Fig. 3
Fig. 3

Light beam interaction with the diffractive microrelief pattern working in the reflection mode. The microrelief of refractive index nM faces the homogeneous media of refractive index n0. The vector r describes a point on the plane or curved substrate surface Λ, rR represents a point on the thin microrelief surface, and h(r) expresses the microrelief height counted along the unit normal vector NS of the substrate surface. NR is the unit normal vector of the microrelief surface. N0 and N are the unit vectors of the incident and the output beams, respectively. The incidence angle θ0 and the output angle θ are measured relative to the normal NS to the substrate surface Λ. θM is a local reflection angle with respect to the microrelief surface normal NR.

Fig. 4
Fig. 4

Modulation factor μ(0)/μ(r) for the microrelief versus the relative coordinate r/rmax on the aperture of the f/2 lens. The coordinate r is the polar radius on the planar substrate surface of the lens, and rmax is the semidiameter of the lens. The function μ(0)/μ(r) describes the correction of the microrelief height as applied at the point with coordinate r. Solid curves, the microrelief on the side of the focus; dotted curve, the microrelief on the side of the incident beam.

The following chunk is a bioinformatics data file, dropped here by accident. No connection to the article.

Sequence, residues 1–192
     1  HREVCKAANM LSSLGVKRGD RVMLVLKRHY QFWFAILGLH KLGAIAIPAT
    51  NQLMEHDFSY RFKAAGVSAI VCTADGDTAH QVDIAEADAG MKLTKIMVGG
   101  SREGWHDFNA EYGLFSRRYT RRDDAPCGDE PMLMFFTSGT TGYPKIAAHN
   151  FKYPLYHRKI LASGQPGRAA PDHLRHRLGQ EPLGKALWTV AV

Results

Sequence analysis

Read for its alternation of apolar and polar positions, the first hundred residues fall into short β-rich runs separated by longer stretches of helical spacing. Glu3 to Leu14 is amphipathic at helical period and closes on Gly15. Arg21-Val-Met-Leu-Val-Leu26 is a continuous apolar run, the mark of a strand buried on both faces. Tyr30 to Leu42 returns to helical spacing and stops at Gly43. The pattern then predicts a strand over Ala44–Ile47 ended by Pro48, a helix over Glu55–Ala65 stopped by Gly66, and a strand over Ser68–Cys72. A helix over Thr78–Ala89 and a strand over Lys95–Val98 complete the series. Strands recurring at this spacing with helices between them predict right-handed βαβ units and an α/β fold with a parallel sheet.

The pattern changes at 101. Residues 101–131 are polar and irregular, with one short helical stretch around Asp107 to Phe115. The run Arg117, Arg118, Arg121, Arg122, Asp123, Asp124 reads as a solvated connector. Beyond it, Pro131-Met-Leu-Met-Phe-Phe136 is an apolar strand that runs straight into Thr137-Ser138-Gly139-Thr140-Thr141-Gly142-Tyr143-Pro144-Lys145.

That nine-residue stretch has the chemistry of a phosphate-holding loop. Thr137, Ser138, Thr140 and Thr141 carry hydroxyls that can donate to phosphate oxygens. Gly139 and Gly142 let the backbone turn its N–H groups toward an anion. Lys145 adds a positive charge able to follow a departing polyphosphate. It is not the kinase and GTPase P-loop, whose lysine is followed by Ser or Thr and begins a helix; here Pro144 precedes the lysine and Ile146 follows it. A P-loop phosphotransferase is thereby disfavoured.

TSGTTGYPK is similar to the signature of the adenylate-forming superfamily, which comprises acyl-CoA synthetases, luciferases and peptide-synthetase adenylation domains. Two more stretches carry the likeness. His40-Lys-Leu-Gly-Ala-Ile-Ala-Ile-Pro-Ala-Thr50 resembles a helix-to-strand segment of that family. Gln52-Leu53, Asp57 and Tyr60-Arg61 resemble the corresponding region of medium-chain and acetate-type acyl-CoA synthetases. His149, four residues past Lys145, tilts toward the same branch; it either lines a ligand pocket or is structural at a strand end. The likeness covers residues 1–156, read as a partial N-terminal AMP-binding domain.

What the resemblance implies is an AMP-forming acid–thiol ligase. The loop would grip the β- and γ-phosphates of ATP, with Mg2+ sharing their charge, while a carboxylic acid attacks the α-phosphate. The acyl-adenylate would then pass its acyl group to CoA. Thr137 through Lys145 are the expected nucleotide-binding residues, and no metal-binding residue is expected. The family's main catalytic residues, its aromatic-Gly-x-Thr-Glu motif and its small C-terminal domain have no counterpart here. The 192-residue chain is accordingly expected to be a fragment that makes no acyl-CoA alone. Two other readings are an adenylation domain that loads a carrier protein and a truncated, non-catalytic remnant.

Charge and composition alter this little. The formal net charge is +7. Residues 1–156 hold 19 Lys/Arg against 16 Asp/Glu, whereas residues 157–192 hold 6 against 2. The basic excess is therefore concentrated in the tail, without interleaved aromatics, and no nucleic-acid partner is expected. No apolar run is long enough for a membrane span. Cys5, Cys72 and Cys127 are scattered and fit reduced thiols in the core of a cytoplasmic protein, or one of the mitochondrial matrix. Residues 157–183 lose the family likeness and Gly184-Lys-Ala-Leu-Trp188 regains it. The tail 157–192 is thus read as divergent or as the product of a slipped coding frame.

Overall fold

Fig. 5
Fig. 5

Value of the modulation factor μ(0)/μ(rmax) on the edge of the diffractive lenses versus the f-number. The function μ(0)/μ(rmax) describes the correction of the microrelief height as applied at the point rmax that is the semidiameter of the lens aperture. Solid curves, the microrelief on the side of the focus; dotted curve, the microrelief on the side of the incident beam.

Fig. 6
Fig. 6